By Tommy Rancel //
For years, Albert Pujols has reigned over the first base position in fantasy baseball. Sure, there are plenty of productive players at the position, but the order on most draft boards usually goes something like Albert Pujols…and no one else until several spots later. After posting a slash line (AVG/OBP/SLG) of .312/.414/.596 with 42 home runs and 118 RBI last year, Pujols is showing no signs of slowing down.
But a new challenger arrived in 2010. Playing the same position and battling for the same division title, Joey Votto exploded last season, hitting .324/.424/.600 with 37 home runs and 113 RBI. He took home the National League MVP – edging out the second-place Pujols in the process. Votto’s performance was so impressive that the Reds just signed him to a three-year, $38 million contract, despite him being years away from free agency.
The showdown for supremacy at the position will be a battle for years to come. Though it seems like he’s been around forever, Pujols will be just 31 this season. Votto, 27, will be entering his fourth major league season and likely hitting the prime years of his career.
So who’s the better choice headed into 2011?
If you’re lucky enough to be faced with the dilemma of choosing between the two, there is no wrong answer. Both players will give your team a ridiculous amount of production in power, run production, and runs scored. They’ll each swipe a few bases and have proven to be durable, even with Pujols’ recent injury scares. There are a few non-traditional categories that might tip the scale just a bit toward one side, though.
As mentioned, both hitters’ slash lines, home runs, RBI, and runs scored were pretty close to a push last year. This will likely be the case going forward, but while we know Pujols can sustain these gaudy numbers on an annual basis, Votto will be looking to repeat his MVP performance for the first time. In addition to the questions about duplicating his numbers from a season ago, Votto also had a bit more luck in 2010 than Pujols did.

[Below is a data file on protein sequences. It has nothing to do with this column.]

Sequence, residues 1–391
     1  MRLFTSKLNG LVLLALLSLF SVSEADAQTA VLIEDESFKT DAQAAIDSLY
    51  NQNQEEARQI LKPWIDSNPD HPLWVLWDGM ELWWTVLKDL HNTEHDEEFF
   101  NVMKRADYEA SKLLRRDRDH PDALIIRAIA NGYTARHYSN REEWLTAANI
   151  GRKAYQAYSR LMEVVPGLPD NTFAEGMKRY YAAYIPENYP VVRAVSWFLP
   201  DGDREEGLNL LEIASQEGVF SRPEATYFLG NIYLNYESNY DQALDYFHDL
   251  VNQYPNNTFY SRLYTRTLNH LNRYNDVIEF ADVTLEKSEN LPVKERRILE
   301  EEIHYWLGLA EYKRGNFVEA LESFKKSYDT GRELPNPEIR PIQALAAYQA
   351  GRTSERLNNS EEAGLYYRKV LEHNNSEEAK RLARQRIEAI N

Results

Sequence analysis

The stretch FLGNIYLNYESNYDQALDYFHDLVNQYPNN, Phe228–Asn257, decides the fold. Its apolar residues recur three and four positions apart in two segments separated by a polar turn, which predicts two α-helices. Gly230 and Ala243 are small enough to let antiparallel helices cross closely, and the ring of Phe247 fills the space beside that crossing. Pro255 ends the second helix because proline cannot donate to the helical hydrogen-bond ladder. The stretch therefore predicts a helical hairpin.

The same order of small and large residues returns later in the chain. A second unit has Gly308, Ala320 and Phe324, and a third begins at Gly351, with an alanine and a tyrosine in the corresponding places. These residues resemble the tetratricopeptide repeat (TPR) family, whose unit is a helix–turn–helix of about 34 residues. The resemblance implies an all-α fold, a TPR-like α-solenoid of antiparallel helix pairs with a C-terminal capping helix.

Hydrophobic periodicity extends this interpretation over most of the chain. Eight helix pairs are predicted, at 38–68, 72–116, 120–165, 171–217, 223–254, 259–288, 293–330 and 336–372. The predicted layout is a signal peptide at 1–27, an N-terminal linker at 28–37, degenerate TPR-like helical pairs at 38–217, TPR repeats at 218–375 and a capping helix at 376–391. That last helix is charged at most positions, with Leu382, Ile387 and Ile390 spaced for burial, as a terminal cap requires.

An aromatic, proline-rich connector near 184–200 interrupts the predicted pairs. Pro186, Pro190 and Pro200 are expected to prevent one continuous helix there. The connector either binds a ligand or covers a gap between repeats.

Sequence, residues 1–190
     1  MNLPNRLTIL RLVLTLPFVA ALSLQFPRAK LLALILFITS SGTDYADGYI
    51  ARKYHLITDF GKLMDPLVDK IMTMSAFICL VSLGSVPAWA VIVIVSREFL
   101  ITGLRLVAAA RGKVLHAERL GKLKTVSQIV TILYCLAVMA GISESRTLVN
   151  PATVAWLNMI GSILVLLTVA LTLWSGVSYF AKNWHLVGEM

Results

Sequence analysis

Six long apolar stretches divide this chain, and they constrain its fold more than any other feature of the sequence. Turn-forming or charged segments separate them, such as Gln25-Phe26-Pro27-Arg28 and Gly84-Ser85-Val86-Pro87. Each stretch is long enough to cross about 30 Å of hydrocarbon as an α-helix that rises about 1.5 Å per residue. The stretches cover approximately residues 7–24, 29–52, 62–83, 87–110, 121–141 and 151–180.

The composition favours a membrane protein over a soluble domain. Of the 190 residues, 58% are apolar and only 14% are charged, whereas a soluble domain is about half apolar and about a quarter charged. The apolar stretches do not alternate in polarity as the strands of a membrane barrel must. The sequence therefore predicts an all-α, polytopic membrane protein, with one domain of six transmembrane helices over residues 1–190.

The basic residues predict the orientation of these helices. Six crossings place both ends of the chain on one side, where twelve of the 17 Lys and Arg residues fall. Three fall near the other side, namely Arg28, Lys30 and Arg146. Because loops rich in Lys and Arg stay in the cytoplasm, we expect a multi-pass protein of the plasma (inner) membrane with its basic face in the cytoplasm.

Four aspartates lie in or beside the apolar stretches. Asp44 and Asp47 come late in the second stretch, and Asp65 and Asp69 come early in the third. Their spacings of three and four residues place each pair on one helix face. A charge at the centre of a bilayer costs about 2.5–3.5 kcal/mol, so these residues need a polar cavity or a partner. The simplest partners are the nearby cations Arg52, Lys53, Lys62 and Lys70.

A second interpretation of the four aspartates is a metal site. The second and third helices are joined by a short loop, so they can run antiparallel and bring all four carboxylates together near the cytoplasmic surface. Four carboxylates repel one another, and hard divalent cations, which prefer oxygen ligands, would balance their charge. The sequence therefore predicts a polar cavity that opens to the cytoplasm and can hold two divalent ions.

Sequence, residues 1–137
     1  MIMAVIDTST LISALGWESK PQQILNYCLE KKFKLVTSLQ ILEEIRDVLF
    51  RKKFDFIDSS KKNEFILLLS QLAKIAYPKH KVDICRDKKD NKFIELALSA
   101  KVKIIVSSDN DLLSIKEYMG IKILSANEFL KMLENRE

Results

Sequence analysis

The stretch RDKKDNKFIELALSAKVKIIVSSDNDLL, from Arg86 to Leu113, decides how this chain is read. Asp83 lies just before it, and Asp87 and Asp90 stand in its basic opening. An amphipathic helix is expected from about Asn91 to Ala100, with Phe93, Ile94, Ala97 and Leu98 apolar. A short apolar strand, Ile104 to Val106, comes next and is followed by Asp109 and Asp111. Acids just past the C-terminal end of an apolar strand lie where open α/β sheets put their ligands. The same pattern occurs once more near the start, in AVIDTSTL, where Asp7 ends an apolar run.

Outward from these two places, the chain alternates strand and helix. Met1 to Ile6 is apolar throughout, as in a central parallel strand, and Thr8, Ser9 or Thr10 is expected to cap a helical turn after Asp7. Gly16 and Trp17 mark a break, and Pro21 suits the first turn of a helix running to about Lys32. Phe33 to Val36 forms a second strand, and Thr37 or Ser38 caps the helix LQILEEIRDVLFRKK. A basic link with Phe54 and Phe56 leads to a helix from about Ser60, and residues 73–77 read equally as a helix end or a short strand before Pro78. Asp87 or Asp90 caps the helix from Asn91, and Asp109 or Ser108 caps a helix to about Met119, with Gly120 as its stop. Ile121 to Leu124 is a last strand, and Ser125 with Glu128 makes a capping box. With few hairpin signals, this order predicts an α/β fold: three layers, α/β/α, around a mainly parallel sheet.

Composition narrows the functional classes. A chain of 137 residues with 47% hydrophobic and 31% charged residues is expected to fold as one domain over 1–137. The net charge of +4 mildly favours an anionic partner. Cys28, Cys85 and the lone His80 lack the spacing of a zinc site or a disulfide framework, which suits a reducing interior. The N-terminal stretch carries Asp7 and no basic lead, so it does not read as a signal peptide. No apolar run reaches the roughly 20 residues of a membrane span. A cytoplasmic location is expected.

First, Votto’s batting average on balls in play (BABIP) last year of .361 was well above the league average of around .300, as well as Pujols’ BABIP of .297. The good news is Votto’s line drive rate of 20% supports at least some of that spike. On the other hand, the fact that he held such a high BABIP with a high percentage of groundballs (45%) – without the speed of Carl Crawford – is a concern. His average could hover around the .300 mark going forward, but probably not as close to .330 as it was in 2010.
Also helping Votto in 2010 was a ridiculous home run-to-flyball rate (HR/FB). Though he hit a relatively low number of flyballs (under 35%), a full quarter of them found their way over the fence. This type of outcome is not impossible, but only four players (including Votto) had a HR/FB rate over 20% in the NL, and he was the only player with a rate above 22%. Playing in one of the most home run-friendly ballparks works in his favor, but Pujols’ 18.3% HR/FB is a number that is much more likely to be repeated.
Choosing between Votto and Pujols is like picking between a Mercedes Benz or a BMW as your mode of transportation. Each is a luxury item and each is almost guaranteed to produce at a high level. However, even though Votto is poised to make a run at the throne, Pujols is a safer bet to keep the crown.
Long live the king!